Take this for granted. There is almost nothing you can do to make your code/idea(s) 100% protected. That too only if you can catch them stealing your idea/code.

But allow me to propose a fail proof setup for you ;) :

  1. Set up a few computers and secure/encrypt the hdds.
  2. Make sure none the computers can connect to the internet but only to a local computer which can act as a code repository.
  3. Disable all USB ports.
  4. You can write a few scripts which will disable copy pasting if you are using Windows as your OS
  5. Make your development team sign NDAs and come up with a very stringent policy.
  6. Or Get a really big ass computer and create seperate VMs for all your developers. Make them connect to the VM and ask them to develop their code on the VM. of course take precautions for data transfer.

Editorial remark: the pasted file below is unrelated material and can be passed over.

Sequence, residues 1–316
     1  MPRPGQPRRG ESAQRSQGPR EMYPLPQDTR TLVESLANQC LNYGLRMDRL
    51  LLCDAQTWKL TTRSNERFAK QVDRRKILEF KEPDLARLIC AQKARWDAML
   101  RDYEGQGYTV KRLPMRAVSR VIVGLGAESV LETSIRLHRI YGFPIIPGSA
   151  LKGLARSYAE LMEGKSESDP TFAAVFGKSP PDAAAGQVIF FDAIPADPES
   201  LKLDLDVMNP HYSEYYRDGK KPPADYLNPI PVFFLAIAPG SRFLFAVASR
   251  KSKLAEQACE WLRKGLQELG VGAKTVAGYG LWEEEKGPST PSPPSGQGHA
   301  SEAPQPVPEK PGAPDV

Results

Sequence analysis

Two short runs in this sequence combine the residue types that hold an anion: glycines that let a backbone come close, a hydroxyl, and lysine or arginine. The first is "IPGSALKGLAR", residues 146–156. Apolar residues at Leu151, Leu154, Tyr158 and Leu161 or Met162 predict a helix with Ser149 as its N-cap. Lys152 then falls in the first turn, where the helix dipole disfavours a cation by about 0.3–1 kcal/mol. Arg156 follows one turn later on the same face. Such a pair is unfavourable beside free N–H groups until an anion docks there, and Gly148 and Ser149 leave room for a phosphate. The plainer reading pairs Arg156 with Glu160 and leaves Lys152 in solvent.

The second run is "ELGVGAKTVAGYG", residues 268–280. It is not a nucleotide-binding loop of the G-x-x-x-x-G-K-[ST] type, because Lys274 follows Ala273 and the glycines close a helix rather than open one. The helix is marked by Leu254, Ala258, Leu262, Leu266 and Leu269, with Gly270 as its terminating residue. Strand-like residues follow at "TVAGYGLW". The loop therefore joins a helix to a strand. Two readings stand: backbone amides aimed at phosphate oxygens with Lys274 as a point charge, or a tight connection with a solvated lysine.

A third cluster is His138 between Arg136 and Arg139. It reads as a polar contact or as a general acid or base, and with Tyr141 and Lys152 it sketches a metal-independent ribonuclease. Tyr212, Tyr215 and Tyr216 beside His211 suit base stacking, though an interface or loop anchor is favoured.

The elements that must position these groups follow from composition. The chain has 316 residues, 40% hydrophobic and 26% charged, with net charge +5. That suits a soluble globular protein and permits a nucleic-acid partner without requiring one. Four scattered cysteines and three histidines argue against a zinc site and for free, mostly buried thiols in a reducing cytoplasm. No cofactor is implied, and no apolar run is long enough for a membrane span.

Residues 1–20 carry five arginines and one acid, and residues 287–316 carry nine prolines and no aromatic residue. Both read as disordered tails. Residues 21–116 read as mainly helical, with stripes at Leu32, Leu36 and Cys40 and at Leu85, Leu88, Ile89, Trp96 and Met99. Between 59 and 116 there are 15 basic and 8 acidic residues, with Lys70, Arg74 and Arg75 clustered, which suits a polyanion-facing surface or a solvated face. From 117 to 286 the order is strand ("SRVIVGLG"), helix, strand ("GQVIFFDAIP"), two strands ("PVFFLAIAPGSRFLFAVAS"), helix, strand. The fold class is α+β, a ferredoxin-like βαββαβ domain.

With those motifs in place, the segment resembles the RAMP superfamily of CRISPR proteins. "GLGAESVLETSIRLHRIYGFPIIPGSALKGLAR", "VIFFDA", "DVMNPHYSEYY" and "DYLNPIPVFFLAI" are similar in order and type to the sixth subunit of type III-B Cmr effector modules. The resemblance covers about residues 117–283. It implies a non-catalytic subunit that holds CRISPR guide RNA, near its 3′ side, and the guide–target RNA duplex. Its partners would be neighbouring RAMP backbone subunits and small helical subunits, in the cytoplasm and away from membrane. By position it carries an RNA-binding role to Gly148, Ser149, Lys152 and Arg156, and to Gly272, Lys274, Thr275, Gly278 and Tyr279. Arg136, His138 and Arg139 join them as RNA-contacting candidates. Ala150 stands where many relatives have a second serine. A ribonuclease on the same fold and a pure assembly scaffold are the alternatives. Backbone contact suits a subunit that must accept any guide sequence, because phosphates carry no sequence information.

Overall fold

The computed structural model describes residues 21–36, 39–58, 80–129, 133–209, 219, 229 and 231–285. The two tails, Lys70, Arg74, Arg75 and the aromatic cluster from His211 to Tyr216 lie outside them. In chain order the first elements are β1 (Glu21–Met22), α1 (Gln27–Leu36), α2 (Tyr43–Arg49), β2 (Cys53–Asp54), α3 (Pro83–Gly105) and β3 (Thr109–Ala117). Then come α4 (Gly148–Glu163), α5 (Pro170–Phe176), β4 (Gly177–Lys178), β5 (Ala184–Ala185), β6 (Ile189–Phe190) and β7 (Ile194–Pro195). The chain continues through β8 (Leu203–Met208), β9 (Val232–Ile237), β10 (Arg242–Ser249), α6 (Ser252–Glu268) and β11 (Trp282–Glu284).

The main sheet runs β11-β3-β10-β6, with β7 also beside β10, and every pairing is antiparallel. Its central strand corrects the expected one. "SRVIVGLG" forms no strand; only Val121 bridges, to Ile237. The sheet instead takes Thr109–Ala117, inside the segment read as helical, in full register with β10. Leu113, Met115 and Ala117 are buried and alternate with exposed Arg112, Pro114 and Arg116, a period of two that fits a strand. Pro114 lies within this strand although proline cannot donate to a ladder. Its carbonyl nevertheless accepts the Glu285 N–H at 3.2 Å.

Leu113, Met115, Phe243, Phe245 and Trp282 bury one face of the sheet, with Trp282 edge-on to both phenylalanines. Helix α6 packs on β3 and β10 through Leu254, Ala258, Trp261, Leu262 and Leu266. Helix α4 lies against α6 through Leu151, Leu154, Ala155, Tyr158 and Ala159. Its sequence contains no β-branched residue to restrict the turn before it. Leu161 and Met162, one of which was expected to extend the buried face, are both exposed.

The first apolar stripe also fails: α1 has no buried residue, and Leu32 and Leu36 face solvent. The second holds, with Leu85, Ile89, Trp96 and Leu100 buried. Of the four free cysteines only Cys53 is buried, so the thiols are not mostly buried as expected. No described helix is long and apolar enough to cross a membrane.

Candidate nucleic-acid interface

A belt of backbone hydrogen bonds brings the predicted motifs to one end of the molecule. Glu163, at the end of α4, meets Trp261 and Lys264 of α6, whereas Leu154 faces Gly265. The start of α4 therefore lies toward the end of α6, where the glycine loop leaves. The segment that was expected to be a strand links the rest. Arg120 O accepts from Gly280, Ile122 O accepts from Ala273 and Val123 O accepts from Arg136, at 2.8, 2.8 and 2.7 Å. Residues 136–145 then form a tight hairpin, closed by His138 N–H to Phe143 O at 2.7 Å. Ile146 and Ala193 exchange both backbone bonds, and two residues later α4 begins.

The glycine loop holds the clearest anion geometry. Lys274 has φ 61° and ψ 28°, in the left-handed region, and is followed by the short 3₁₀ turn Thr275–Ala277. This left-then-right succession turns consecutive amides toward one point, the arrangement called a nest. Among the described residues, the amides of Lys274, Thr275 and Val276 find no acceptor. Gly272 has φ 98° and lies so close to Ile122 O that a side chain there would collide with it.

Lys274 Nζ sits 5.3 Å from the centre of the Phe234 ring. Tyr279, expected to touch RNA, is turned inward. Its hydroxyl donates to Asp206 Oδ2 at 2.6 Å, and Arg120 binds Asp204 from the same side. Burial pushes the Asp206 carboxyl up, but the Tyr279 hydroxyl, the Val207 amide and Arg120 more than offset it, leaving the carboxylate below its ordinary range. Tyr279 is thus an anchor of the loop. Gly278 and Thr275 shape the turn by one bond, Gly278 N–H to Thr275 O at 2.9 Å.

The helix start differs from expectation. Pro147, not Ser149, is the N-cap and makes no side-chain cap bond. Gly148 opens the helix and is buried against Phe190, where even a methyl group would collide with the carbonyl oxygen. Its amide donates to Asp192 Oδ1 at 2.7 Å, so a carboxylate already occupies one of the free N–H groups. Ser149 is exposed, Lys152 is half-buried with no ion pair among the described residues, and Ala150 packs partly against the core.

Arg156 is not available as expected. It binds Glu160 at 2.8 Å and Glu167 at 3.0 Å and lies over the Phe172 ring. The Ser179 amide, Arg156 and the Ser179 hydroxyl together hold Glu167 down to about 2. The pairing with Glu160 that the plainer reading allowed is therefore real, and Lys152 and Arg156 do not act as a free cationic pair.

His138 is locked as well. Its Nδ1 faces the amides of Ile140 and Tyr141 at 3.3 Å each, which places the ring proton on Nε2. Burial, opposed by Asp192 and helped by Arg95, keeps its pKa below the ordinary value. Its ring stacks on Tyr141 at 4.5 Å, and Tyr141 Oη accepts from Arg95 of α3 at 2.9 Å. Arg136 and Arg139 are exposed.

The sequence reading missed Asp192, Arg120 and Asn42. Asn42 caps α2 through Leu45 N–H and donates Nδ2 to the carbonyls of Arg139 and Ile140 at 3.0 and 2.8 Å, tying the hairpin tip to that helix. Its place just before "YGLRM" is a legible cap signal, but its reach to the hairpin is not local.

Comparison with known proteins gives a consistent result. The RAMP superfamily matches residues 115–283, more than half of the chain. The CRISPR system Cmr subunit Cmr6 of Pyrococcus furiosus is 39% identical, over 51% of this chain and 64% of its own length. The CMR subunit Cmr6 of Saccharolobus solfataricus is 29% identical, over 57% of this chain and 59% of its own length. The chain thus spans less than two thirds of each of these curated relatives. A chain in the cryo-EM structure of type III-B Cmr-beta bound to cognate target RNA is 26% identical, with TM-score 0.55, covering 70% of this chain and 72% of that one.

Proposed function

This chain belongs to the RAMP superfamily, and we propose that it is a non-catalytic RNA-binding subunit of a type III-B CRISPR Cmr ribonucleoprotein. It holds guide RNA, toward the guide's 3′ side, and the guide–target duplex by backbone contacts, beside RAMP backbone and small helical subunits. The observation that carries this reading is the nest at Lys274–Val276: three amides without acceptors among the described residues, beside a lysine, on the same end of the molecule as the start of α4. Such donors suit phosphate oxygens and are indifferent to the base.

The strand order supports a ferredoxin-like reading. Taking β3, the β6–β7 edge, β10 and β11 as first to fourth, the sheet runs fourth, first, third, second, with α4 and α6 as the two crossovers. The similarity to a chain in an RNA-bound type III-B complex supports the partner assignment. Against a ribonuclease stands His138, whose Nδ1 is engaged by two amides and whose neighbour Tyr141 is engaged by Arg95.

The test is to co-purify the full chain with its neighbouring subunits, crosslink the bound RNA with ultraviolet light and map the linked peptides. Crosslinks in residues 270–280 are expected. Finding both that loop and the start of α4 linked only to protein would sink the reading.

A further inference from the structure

This will make sure that this is the slowest form of software development. What will you do if they can remember the code and go home and make this own up ? Most coders will take some code home to build their own libraries which help them with their day to day job, some will take it home to resell it. There is really nothing you can do. I dont know which country you are from. But you have to know your local situation and then take a call whether a contract can really be enforced or not. So this is a gamble you have to take. Or if you are technical enough, just make the entire thing on your own, which may take some time but hey no one aint stealing nothing.

HTH

answered Mar 16 '13 at 02:21
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Happybuddha
151 points